Lonely in St-Dizier

During Saturday we cruised 10 miles down six locks.

On Sunday morning we were just about to go and visit Lac de Der to have a picnic, a large reservoir near St-Dizier, when we heard a boat coming past.  It was a small Dutch barge flying a German flag and we were quite shocked as we thought no boats were headed our way.  They were clearly in a rush to get off the canal as they went straight through the port without even stopping for water.  Stepping off the boat, we saw another boat heading our way and could see it was a commercial.  Clearly my understanding of the conversation with the éclusier when I concluded we were the last boat on the canal, wasn’t quite right!

Lac de Der, with its 7 ½ mile long circumference, was an impressive size, not surprising really as it’s the largest artificial lake in France.  It was constructed in 1974 as part of the flood defence system for Paris.  Water from the River Marne, which feeds the Seine, can be held back in the lake to perform this function.  Quite amazing when you think it's 250km from Paris.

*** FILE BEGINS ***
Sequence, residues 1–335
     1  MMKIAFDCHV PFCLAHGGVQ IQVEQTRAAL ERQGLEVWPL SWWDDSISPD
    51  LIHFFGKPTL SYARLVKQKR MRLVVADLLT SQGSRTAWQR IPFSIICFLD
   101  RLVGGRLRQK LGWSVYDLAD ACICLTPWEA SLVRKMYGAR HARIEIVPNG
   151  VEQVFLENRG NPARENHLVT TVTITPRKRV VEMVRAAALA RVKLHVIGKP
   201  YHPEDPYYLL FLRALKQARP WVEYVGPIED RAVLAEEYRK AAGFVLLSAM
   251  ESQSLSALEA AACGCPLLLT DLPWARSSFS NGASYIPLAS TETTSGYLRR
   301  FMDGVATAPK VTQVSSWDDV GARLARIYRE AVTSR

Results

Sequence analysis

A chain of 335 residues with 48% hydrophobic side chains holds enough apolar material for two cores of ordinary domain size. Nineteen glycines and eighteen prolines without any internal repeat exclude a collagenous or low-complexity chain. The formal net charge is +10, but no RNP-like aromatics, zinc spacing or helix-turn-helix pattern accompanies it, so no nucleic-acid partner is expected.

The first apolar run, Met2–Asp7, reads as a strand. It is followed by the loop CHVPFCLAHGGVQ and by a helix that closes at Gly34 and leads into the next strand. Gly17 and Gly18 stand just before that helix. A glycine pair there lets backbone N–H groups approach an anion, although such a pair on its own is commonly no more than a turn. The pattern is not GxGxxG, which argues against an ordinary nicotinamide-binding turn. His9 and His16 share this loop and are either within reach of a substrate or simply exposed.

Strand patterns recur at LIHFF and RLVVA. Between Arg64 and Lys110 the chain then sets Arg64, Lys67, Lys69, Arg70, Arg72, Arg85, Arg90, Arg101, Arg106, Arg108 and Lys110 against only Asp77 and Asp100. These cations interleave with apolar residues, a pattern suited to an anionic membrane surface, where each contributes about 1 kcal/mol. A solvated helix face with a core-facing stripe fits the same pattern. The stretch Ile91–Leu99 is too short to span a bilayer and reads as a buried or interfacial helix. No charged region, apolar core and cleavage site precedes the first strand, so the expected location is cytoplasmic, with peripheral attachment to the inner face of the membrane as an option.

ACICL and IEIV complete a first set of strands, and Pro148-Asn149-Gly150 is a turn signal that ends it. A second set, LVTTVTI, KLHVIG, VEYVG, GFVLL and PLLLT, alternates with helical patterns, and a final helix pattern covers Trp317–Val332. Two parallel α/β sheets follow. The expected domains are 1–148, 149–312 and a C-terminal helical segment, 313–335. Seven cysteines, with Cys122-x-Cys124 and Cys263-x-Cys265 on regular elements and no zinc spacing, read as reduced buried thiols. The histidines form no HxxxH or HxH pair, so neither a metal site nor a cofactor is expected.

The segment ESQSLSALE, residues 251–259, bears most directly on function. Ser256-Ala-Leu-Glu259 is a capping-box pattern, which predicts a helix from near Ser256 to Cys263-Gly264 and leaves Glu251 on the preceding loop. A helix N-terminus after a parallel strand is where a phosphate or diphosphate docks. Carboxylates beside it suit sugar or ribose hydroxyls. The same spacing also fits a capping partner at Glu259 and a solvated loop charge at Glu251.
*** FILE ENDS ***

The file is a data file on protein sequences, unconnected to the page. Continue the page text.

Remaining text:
Our picnic spot by the lake

The lake is fed by a 12km long canal that runs down from the River Marne in St-Dizier and the outflow enters another canal that re-joins the River Marne 20km downstream of St-Dizier.  Three villages were lost when the lake was constructed, and we don’t know if they had any lavoirs 😉

The feeder canal

We walked around some of the lake and saw quite a few butterflies including this male silver washed fritillary that was rather the worse for wear.

You can see where a bird has attacked the body and wings

As we still had a fair way to go to get off the canal by Tuesday, we took a bite out of the journey during the afternoon and cruised down to Hallignicourt.  It also meant Buddy could stay outside in the evening whereas in St-Dizier it wasn’t possible as we were moored in the middle of a town.

On Sunday we cruised four miles down three locks and will now feel very surprised if there are any more boats behind us.